A look at some of the greatest centers in NBA History.
Although every position on a basketball team is important to its success, the position of center tends to be the focus. A great center is often proven to be building block that used to lay the foundation of an NBA team. A center has the ability to go anywhere on the floor. The strength on the inside allows them to score in the paint at will. Their height allows them to block and grab rebounds giving their teammates other chances to score.
• For peak value, there wasn’t a more technically brilliant center than Bill Walton
• Ewing averaged to 21 points and 10 rebounds for most of his career.
• Mikan caused the introduction of the 24-second shot clock
An effective center owns the low post using their body to hold position while waiting for an lob pass only reachable by them so they put in the easy two. Often centers would have a special maneuver that gives them a character of their own. On the basis of their sheer size, the center is often the focus of attention from fans. Let us look at some of the greatest center to grace our presence in basketball history and U.S gambling news.
Bill Walton Blazed a trail while Ewing brought basketball back to New York
Bill Walton was a sight to behold back in the early to mid 1970’s with his fiery hair and beard burning holes in the opposition. At UCLA, the 6 foot 11 inch Walton won the national college athletic association championship for two seasons straight. That’s not nearly as impressive as the UCLA team going undefeated for two years straight. Logically Walton was the first overall draft pick for the NBA in 1974.
Entering as a Portland Trailblazer, Walton would help the team acquire one championship. A number of nagging injuries with his ankles and feet ultimately brought this star down from the sky. But don’t let the career average of 13 points and 10 rebounds per game fool you. For peak value, there never was a more technically brilliant center. After Portland, Walton was also able to pull off two more championships with the Boston Celtics in 1977 and 1986.
Patrick Ewing was an amazing center for Georgetown University and helped create a standard in the position for years after. Entering the NBA draft as a number one overall pick, Patrick was expected to do big things in New York. Ewing became a messianic figure for New York and redirected the hearts and minds of the populace towards the Knicks once again. With 20 points and 9 rebounds a game, Ewing won Rookie of the Year. Ewing increased his average to 21 points and 10 rebounds for the rest of his career.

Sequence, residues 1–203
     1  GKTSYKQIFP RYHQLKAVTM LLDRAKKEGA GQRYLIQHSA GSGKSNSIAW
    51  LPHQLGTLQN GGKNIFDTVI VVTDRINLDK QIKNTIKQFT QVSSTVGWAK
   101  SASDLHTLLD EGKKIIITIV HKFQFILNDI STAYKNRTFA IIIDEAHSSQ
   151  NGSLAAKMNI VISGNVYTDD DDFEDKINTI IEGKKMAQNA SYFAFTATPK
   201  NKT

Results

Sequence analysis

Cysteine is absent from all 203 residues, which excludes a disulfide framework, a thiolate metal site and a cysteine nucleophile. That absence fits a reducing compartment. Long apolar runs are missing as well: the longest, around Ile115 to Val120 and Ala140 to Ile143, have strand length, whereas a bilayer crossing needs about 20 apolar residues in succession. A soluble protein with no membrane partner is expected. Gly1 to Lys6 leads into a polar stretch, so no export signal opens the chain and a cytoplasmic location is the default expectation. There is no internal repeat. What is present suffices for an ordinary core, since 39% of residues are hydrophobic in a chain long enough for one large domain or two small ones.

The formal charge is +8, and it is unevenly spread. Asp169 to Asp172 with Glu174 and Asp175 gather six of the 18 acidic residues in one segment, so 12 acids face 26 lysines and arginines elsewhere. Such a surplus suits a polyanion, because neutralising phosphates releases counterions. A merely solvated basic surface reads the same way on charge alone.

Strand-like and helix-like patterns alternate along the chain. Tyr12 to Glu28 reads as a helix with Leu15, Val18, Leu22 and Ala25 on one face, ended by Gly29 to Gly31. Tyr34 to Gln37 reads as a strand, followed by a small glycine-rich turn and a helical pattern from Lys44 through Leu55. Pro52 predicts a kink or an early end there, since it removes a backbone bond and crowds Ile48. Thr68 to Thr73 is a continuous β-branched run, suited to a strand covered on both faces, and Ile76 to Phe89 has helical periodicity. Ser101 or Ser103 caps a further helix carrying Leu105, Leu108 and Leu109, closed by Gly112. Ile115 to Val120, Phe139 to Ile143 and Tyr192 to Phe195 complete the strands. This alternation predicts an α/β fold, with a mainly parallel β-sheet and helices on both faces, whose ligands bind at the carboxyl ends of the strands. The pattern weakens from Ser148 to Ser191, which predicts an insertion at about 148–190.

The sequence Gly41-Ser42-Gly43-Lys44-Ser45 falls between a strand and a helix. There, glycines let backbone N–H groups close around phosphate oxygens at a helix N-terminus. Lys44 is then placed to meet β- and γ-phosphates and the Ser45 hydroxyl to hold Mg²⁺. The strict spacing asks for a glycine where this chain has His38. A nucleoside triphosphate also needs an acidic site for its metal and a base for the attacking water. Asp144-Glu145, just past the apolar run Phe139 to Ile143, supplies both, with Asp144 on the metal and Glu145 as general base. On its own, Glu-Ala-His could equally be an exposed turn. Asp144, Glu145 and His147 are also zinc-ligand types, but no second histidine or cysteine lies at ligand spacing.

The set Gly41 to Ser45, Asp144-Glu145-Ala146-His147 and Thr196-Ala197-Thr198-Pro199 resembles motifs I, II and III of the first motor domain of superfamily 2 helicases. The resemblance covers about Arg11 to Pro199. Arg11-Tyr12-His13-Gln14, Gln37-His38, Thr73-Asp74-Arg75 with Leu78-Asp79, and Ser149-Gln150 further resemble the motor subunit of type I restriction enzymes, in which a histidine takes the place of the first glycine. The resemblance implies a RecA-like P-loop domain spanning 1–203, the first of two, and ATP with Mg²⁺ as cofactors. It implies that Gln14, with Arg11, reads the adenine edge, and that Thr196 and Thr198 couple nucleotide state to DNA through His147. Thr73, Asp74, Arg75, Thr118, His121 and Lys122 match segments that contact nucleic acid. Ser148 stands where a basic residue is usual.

He could use his body on the inside and get layups and jam it inside, while being able to step outside the paint and sink easy 2-pointers. With the ability to always make certain shots, Ewing’s consistency may have been his best quality. The Knicks Rivalry between the Bulls during the 90’s took some steam from Ewing and every punter that waged on him within U.S gambling laws. No matter how well he played, Ewing couldn’t seem to overcome Michael Jordan, only beating the Bulls during his one year of retirement.
George Mikan defined a position and Mr. Robinson ruled in his neighborhood
George Mikan helped define the position of center. The first NBA superstar center of his day, Mikan was a giant among ants in the 1950’s. At DePaul University, Mikan would simply stand under the rim and swat everything that came his way. Playing for the Minneapolis Lakers, Mikan would loiter near the rim and shoot hook shot after hook shot. It became a coaching formula to simply keep the ball away from Mikan on offense.
Mikan’s dominance was such a distraction that the NBA began make more goaltending charges. Mikan also was met with the introduction of the 24-second shot clock and a wider 3-second lane in order to limit the time with his hands on the ball. For three years Mikan led the league in scoring with an average of 27 points per game.
David Robinson was called “Admiral” from his times playing for Navy. It was said that upon graduating from the Academy, the Navy allowed him to enter the NBA because he was too tall be aboard ships. Robinson was a well rounded athlete who could walk on his hands from one end of the court to the other. Learning how to play before a major growth spurt, helped 7 foot Mr. Robinson establish dominance in his neighborhood.
He could shoot a mid-range or drive past players with the ease of a guard. Averaging 14 points per game throughout his 14-year career, Robinson was named MVP in 1995 when he averaged 30 points a game and made 1,000 rebounds. In 1998, Robinson was in San Antonio. Later, he’d play alongside power forward Tim Duncan. The two 7 footers, called the “Twin towers”, were able to get two NBA championships in 1999 and 2003. Wager using online sportsbooks in the U.S would have had a great time back then.